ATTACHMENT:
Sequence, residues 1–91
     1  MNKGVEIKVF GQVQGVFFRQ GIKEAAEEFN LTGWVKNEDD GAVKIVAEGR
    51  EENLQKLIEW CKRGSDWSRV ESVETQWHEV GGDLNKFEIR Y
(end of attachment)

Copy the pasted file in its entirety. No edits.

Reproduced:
Sequence, residues 1–91
     1  MNKGVEIKVF GQVQGVFFRQ GIKEAAEEFN LTGWVKNEDD GAVKIVAEGR
    51  EENLQKLIEW CKRGSDWSRV ESVETQWHEV GGDLNKFEIR Y